Several rounds of Western sanctions have delivered a blow to Russia’s faltering economy but have not deterred Putin who has ordered a virtual embargo on EU and US food imports.
His tough stance has been met with approval at home, with his domestic approval ratings soaring to record highs after the annexation of Crimea.
Some suggest that Putin may now be seeking to mould Ukraine’s rebel-held regions into a statelet similar to Moldova’s breakaway region of Transdniestr.
Putin appeared driven by a visceral desire to punish Ukraine after the ex-Soviet country chose to sign political and trade deals with the EU, a move seen as a snub to Moscow.
The analyst described the Ukraine crisis as Putin’s mission to vindicate himself and prove he is “the only leader with steely determination and conviction.”
When will the silent, discontent, and disengaged majority awaken to the reality that the peace they’ve been promised is a political mirage?
According to conventional wisdom, Americans start paying closer attention to elections after Labor Day. The reality they will return to after their summer vacation from American politics is highlighted by popular unrest (centered, for now, in Ferguson, MO) and elite partisanship (featuring an indictment in Austin, TX, and lawsuits and impeachment talk in Washington, DC). In other words, they’ll return to a political setting much the same (with different flash points) as the one they left behind in late May.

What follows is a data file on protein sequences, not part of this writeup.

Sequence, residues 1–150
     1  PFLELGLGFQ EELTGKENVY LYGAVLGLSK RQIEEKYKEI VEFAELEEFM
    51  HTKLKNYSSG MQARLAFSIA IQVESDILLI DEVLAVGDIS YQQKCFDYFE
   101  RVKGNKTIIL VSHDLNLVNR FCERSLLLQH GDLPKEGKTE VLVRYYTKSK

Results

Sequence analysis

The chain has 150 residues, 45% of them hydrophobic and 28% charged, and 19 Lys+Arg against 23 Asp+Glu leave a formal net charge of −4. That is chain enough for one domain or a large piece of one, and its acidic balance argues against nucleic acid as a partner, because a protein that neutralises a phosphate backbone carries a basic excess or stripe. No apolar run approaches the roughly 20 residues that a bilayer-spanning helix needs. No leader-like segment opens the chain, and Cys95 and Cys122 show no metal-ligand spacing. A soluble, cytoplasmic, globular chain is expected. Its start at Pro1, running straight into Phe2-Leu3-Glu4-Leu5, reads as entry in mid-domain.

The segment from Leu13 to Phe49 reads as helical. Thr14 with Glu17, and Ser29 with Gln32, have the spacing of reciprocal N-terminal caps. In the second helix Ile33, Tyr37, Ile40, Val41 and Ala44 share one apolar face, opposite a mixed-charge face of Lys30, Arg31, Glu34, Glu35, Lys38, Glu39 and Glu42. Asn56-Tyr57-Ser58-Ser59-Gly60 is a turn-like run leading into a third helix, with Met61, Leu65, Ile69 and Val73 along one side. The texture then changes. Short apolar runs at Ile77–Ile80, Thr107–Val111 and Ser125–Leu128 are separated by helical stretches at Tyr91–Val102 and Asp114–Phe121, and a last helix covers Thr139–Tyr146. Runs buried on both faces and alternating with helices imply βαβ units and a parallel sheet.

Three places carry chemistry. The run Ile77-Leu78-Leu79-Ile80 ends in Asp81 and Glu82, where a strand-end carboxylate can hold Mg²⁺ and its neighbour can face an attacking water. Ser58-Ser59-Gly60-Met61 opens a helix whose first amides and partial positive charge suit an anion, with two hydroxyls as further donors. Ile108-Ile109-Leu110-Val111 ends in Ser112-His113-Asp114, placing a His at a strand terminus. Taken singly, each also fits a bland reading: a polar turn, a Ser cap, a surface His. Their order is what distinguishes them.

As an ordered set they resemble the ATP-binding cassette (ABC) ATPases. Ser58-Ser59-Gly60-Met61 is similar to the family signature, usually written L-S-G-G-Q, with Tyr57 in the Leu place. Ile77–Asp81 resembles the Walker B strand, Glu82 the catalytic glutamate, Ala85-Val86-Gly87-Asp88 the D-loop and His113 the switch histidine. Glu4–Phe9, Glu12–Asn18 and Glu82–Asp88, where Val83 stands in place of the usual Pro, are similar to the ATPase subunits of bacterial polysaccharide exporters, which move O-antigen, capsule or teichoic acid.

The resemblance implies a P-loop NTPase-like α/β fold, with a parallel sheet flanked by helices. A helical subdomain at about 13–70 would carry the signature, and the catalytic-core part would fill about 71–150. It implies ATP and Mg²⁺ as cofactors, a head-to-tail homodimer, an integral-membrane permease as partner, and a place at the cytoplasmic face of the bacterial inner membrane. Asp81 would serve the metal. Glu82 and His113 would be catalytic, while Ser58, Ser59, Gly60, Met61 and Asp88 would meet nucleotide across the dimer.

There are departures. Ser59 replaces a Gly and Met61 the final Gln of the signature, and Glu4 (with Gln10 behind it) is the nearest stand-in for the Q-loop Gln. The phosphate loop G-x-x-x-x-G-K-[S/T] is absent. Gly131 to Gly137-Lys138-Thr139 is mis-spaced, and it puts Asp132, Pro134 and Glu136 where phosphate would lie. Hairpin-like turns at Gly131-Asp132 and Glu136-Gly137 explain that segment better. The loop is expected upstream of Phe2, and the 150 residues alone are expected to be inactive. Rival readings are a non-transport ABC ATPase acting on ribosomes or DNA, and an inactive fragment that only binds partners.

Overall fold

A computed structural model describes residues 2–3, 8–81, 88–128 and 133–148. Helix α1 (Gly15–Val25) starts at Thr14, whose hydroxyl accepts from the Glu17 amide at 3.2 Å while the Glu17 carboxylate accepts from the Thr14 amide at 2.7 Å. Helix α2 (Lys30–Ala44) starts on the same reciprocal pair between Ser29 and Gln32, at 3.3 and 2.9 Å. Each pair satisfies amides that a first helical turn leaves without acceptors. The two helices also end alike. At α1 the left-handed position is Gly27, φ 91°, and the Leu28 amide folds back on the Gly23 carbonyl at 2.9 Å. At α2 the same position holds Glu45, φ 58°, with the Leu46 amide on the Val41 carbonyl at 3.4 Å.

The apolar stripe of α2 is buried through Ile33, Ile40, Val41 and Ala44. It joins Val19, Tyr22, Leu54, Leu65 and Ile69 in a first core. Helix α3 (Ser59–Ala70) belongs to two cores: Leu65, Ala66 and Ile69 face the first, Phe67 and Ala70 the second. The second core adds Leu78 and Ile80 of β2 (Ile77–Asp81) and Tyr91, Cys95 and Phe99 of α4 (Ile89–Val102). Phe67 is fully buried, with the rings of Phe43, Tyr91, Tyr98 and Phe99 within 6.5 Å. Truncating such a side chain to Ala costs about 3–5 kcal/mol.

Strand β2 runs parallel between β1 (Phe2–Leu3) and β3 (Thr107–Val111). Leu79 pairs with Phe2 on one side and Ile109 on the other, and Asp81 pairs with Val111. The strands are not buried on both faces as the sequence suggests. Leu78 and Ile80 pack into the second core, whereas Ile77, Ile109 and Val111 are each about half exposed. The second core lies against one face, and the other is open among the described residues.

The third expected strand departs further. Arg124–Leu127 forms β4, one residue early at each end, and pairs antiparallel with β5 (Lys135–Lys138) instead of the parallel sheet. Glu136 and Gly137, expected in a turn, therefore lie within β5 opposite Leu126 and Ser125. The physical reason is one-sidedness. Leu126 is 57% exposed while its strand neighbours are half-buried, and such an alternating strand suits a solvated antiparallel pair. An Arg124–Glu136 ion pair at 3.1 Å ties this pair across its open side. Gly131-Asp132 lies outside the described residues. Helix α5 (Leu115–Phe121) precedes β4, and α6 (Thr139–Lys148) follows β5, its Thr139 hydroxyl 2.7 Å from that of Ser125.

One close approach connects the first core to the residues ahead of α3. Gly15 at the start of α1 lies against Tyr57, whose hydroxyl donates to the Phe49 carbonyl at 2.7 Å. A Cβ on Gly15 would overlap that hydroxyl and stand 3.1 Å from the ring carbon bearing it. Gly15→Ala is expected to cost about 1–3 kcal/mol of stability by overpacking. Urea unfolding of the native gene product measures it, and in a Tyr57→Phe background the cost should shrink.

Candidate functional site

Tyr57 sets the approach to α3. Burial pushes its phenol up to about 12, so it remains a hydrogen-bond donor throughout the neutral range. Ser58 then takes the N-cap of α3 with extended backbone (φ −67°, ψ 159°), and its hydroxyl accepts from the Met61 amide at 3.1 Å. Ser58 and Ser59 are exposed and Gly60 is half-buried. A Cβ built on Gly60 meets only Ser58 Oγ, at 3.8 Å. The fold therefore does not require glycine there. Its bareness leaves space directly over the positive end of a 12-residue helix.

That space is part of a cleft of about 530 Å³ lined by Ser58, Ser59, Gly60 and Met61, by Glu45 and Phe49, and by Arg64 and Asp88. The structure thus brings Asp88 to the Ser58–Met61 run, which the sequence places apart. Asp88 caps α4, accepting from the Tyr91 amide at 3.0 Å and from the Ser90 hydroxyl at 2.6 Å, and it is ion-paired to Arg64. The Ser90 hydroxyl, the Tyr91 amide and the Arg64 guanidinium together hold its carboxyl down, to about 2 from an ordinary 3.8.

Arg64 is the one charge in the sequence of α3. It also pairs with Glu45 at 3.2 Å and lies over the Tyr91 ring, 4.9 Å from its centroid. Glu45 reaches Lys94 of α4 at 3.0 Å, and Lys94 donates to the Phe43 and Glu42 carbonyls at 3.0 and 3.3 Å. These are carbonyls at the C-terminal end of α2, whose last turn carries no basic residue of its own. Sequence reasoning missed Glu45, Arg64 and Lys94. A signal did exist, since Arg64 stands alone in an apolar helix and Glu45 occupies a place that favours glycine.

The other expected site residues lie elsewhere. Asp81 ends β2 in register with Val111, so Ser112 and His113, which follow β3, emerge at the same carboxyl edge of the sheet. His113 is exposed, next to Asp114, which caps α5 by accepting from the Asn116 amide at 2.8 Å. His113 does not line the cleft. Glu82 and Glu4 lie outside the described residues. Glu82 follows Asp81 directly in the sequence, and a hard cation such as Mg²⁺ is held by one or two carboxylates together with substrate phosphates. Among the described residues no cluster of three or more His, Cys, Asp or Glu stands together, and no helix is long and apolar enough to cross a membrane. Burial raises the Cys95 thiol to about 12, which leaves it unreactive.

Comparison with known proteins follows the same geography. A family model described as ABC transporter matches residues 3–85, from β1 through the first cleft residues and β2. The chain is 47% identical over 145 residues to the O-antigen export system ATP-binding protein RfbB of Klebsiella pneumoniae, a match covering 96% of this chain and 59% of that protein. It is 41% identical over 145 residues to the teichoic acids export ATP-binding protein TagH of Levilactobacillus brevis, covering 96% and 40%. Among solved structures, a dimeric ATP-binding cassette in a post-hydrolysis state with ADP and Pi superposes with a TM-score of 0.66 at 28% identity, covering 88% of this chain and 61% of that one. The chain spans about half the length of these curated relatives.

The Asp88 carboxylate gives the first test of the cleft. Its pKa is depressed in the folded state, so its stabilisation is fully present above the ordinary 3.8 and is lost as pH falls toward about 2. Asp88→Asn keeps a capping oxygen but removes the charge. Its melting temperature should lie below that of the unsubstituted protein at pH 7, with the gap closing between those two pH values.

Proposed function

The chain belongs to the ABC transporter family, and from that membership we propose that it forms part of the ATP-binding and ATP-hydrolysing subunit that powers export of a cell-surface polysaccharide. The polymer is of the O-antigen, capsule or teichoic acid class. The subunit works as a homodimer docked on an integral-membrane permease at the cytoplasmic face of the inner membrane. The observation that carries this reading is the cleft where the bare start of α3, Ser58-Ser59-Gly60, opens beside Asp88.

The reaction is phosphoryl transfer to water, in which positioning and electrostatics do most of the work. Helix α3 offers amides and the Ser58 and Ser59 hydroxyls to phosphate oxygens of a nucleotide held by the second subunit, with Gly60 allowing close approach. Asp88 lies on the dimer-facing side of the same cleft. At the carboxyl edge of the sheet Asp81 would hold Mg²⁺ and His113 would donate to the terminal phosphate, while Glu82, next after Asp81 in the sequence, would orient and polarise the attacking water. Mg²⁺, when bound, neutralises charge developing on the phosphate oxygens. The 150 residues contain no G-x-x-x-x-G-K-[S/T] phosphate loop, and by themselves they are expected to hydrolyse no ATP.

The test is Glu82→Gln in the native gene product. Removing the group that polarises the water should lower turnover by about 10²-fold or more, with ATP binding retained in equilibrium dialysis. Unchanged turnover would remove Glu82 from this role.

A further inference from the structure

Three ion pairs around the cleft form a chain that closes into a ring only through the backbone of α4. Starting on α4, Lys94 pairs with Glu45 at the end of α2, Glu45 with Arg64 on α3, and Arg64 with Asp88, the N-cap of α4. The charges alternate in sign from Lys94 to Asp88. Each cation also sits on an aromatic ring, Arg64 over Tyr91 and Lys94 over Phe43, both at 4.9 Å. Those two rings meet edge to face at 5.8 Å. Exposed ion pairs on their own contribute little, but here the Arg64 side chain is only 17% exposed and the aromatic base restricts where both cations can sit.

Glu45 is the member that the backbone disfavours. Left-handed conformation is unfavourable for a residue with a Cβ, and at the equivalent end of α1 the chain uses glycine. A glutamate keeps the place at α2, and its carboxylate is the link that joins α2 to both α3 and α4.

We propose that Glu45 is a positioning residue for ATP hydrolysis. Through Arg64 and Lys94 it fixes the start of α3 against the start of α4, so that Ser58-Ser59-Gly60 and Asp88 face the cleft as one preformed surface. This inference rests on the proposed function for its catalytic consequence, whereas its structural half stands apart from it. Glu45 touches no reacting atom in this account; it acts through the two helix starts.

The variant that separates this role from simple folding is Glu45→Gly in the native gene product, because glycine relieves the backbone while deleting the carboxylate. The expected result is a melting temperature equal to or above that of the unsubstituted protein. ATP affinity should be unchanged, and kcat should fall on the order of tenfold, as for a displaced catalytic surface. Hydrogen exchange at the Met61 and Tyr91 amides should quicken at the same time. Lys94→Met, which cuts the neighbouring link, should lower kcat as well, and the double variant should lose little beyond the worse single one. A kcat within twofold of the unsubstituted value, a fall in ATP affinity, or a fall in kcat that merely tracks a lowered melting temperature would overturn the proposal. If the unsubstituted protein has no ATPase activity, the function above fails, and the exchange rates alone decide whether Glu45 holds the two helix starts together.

These headlines and the apparently perpetual problems they highlight represent an unpleasant distraction from the already overwhelming busyness of daily life, and thus promise to keep a good portion of the American public on the political sidelines, and an even larger group of Americans questioning the direction of the country. A stale inertia seems to be the norm, a political game without a clear-cut winner and many a participant injured along the way.
Upon closer examination, however, one finds, as we argued last week, that the reverse is true: that there is a dynamic force in American politics producing a consistent winner capable of putting the dynasties of the Yankees, Celtics, Canadiens, and Steelers to shame: Progressivism and its champion, the DC Oligarchs, whose worst season still rewards handsomely its dedicated if dependent fan base.